“Working with the city on that project was all-around trying to figure out how to promote the creative economy of San Diego,” says Ahmad of the goal of the project. Not only was the project a great success at Design Week, but it is also what led Ahmad to The Design Lab.

Derek Lomas and Philip Guo Recognized by Premier International HCI Conference

UC San Diego Design Lab members Derek Lomas and Philip Guo were recently recognized by…

Nazima Ahmad is Putting People Over Profits by Connecting Art and Design at the Design Lab

If the COVID-19 pandemic has taught us anything, it’s that our communities are more important than ever. The pandemic has changed the ways in which we experience and perceive community—sometimes even causing us to feel that it has vanished. The past two years have been an uncertain time for those involved in the arts, with many creative professionals being impacted by dwindling audiences and interest. Nazima Ahmad, a Designer-in-Residence at The Design Lab, noticed the crumbling connection between artists and consumers and sought to find a way to mend it. Working with fellow designer Michelle Hoogenhout, the two were able to come up with City Canvas, a concept developed in collaboration with the Arts and Commission Department of the City of San Diego that won the 2020 SCALE San Diego Urban Innovation Challenge that works to make connecting with local artists easier for San Diego residents.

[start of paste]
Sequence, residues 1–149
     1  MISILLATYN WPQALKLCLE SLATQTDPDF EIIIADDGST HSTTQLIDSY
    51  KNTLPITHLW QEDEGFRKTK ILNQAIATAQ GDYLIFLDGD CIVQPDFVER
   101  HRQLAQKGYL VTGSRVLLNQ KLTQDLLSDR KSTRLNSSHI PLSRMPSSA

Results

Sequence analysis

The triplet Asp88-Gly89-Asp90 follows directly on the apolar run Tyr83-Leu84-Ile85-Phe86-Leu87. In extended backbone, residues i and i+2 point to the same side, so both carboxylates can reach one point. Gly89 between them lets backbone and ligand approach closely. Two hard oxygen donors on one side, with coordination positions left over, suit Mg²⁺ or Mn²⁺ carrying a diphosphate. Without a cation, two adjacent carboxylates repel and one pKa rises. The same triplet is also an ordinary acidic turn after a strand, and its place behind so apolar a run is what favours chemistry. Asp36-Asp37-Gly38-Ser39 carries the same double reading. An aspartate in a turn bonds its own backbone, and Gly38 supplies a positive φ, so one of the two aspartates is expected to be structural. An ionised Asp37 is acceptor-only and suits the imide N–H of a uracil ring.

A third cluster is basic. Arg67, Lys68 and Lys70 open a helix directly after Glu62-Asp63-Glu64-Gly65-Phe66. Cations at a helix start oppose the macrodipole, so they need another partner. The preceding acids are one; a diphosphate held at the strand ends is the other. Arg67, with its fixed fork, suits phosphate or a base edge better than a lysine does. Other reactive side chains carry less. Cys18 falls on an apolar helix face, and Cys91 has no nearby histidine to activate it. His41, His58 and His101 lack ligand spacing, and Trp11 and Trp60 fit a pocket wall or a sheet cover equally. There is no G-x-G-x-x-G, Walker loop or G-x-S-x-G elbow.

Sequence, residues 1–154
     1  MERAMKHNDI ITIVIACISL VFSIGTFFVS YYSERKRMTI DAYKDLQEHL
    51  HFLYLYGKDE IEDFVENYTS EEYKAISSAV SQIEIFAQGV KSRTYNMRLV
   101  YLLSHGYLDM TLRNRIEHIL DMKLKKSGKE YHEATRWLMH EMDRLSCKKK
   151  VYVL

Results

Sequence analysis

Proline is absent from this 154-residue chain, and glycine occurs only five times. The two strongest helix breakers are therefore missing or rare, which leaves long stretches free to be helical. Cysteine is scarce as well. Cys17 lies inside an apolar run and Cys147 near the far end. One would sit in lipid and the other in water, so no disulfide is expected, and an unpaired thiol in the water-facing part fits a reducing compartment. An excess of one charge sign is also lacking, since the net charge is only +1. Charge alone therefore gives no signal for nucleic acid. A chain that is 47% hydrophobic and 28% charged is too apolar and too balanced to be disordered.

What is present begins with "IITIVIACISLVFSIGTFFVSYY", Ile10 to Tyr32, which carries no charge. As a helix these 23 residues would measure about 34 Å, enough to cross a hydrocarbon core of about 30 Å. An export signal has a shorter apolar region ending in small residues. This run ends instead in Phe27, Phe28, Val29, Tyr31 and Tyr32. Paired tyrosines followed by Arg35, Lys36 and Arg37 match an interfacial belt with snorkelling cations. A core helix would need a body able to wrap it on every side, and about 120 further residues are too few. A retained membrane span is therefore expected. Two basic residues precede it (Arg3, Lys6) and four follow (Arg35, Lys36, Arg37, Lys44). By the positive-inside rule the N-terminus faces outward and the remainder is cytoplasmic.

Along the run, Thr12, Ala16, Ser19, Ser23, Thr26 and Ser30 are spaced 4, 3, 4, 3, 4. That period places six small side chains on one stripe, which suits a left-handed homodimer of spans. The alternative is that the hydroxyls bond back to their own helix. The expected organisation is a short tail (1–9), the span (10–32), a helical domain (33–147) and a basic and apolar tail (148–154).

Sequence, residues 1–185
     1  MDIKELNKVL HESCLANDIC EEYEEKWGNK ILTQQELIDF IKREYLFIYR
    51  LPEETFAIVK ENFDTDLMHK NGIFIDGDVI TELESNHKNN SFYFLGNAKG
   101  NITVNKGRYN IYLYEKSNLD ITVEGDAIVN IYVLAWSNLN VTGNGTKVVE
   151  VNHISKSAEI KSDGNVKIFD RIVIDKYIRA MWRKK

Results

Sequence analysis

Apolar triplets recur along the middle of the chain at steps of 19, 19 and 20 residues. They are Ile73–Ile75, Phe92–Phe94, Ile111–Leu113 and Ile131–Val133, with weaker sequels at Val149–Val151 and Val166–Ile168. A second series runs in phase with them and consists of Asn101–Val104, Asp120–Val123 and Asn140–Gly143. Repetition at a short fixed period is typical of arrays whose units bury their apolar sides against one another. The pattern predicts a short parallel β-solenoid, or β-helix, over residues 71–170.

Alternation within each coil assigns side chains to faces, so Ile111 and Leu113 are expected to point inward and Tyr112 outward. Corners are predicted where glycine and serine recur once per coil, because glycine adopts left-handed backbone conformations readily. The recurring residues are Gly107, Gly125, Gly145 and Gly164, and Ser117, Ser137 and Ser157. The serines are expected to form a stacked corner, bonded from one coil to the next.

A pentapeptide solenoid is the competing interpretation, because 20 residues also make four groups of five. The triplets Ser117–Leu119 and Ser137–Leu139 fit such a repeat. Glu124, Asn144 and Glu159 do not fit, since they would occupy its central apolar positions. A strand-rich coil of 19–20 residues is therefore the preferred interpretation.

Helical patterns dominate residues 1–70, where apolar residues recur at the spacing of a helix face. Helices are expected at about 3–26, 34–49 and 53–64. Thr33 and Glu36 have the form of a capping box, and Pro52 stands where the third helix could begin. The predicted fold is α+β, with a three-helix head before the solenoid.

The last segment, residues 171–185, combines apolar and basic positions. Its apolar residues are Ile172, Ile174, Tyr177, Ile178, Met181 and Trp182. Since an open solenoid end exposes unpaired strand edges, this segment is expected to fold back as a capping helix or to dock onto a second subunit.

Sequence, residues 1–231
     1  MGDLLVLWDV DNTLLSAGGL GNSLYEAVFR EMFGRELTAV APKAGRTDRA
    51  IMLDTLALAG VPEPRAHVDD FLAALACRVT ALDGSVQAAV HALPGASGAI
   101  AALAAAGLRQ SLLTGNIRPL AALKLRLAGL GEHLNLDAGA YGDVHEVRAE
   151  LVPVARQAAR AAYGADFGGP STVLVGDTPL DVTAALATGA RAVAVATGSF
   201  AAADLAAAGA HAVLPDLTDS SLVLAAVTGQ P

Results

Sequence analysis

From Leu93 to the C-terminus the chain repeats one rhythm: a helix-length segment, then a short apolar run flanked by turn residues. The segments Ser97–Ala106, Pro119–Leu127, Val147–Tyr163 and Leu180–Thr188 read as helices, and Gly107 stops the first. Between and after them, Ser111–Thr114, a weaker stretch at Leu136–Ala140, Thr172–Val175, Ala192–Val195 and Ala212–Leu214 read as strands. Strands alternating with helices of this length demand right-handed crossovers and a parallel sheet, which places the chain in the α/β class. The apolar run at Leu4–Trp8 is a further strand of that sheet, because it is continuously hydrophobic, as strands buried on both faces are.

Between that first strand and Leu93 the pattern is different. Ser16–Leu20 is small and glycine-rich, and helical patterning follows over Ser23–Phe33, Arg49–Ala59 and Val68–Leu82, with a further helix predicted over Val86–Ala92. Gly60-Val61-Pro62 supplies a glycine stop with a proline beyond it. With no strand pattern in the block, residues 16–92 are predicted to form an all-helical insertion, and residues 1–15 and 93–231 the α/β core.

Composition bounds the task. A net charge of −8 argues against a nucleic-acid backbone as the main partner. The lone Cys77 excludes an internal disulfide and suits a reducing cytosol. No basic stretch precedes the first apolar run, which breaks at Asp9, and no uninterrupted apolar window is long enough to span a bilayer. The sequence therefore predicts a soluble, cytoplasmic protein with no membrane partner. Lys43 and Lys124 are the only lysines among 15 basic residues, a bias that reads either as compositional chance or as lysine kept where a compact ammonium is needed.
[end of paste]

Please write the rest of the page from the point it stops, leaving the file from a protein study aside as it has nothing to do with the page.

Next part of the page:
“Working with the city on that project was all-around trying to figure out how to promote the creative economy of San Diego,” says Ahmad of the goal of the project. Not only was the project a great success at Design Week, but it is also what led Ahmad to The Design Lab.
Human-centered Design

Community-Based, Human-Centered Design

Don Norman, Design Lab Director & Eli Spencer, Design Lab Faculty

We propose a radical change in design from experts designing for people to people designing for themselves. In the traditional approach, experts study, design, and implement solutions for the people of the world. Instead, we propose that we leverage the creativity within the communities of the world to solve their own problems: This is community-driven design, taking full advantage of the fact that it is the people in communities who best understand their problems and the impediments and affordances that impede and support change. Experts become facilitators, by mentoring and providing tools, toolkits, workshops, and support.

The principles of human-centered design have proven to be effective and productive. However, its approach is generally used in situations where professionals determine the needs of the target populations and then develop products and procedures to address the needs. This is Top-Down design: starting with higher-level conceptualizations and then refining the ideas and concepts to specific instances of products or services. This works well for mass produced items which only allows limited specialization for individual needs and requirements.
Back To Top